Neck muscles play big roles in migraine headaches, study finds

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Primary headaches, including tension-type headaches and migraines, affect millions of people worldwide. While these headaches are common, their precise underlying causes remain somewhat mysterious.

However, a new study presented at the annual meeting of the Radiological Society of North America (RSNA) sheds light on the role of neck muscles in primary headaches and offers the potential for improved treatments.

The Mystery of Primary Headaches

Primary headaches, such as tension-type headaches and migraines, are widespread, causing varying degrees of discomfort and debilitation.

Tension-type headaches often manifest as a tightening sensation in the head with mild to moderate dull pain on both sides. Migraines, on the other hand, are characterized by severe throbbing pain, usually occurring on one side of the head.

These headaches can also bring accompanying symptoms like nausea, weakness, and light sensitivity. Despite their prevalence and impact on individuals’ lives, the exact origins of these primary headaches have remained elusive.

The Link to Neck Muscles

Neck pain is a frequently reported symptom in individuals with primary headaches, but concrete evidence of the involvement of neck muscles in these headaches has been lacking.

To address this knowledge gap, Dr. Nico Sollmann and his team conducted a study to investigate the role of trapezius muscles in primary headache disorders using quantitative magnetic resonance imaging (MRI).

The study involved 50 participants, primarily women aged 20 to 31. Among them, 16 had tension-type headaches, 12 had tension-type headaches along with migraine episodes, and 22 were healthy controls.

The researchers utilized 3D turbo spin-echo MRI to examine the bilateral trapezius muscles, which are often associated with neck pain. They also measured muscle T2 values, a marker for inflammation.

Key Findings

The study yielded several critical findings:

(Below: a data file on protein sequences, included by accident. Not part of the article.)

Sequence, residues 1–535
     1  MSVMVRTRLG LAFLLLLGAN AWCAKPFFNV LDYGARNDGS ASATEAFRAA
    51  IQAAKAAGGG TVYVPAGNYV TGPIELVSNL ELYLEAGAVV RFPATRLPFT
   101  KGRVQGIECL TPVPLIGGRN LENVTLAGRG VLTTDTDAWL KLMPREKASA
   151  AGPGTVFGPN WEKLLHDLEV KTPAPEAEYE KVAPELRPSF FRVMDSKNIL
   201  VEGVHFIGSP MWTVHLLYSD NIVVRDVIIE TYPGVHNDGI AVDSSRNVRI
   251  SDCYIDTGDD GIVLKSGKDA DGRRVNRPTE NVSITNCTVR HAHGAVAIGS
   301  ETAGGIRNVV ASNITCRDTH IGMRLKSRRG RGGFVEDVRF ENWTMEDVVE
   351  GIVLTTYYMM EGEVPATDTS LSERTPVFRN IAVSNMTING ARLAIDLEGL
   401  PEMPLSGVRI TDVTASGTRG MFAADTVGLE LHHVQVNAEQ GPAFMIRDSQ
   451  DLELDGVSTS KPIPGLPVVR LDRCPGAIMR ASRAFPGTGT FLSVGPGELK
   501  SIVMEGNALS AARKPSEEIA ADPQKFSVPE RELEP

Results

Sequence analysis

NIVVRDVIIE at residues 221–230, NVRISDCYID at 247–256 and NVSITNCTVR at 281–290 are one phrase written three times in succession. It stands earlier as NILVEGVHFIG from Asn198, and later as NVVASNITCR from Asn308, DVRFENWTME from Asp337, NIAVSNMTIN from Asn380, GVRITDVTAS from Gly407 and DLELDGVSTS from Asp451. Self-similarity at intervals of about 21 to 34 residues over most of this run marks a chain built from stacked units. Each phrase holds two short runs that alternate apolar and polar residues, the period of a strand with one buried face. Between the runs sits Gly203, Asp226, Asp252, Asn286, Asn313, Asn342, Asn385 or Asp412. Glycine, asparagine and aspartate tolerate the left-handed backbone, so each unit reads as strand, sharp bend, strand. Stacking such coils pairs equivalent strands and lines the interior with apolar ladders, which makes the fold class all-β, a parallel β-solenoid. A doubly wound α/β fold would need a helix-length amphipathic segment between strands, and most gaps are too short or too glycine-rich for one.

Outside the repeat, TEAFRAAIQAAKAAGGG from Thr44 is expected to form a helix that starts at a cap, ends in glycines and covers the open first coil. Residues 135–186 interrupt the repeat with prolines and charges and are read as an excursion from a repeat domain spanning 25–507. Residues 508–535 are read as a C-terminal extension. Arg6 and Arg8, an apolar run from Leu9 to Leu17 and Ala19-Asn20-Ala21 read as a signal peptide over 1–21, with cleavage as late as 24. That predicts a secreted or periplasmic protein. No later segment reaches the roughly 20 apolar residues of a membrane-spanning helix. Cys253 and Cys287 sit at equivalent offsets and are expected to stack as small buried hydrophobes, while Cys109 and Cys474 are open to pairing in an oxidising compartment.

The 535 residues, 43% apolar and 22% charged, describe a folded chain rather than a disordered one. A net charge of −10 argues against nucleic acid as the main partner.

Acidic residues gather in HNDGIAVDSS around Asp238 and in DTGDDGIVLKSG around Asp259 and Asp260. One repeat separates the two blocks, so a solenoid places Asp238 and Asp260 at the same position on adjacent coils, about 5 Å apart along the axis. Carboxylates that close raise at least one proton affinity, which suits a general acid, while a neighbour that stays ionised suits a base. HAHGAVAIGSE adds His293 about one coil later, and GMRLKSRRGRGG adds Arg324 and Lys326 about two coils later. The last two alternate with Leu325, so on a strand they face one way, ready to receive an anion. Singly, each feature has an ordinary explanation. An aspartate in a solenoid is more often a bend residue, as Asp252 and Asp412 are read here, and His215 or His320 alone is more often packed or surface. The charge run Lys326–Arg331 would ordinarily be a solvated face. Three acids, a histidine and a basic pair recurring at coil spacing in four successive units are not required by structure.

Muscle T2 Values: Participants with tension-type headaches and migraines exhibited the highest muscle T2 values, indicating inflammation in the trapezius muscles.

Association with Headache: Increased muscle T2 values were significantly linked to the number of headache days and the presence of neck pain. This suggests that muscle inflammation is related to the frequency and intensity of headaches.

Neck Muscles’ Role: The study’s results provide objective evidence of neck muscle involvement in primary headaches. These findings can differentiate between healthy individuals and those suffering from such headaches.

Implications for Treatment

The study’s findings have significant implications for the treatment of primary headaches. Recognizing the role of neck muscles opens up new avenues for intervention.

Dr. Sollmann suggests that non-invasive treatments targeting the neck muscles directly could offer effective relief for both neck pain and headaches, potentially surpassing the safety and efficacy of systemic drugs.

Furthermore, muscle T2 mapping could be employed to categorize patients with primary headaches and monitor treatment progress.


This study contributes to our understanding of primary headaches by providing objective evidence of the involvement of neck muscles, specifically the trapezius muscles, in these conditions.

The findings pave the way for more targeted treatments that address both neck pain and headaches, potentially improving the quality of life for individuals affected by primary headaches.

As research progresses, these insights may lead to innovative therapies that offer relief and a better future for headache sufferers.

If you care about pain, please read studies about vitamin K deficiency linked to hip fractures in old people, and these vitamins could help reduce bone fracture risk.

For more information about pain, please see recent studies about what you need to know about headache pain, and results showing scientists make weak recommendation for medical cannabis for chronic pain.

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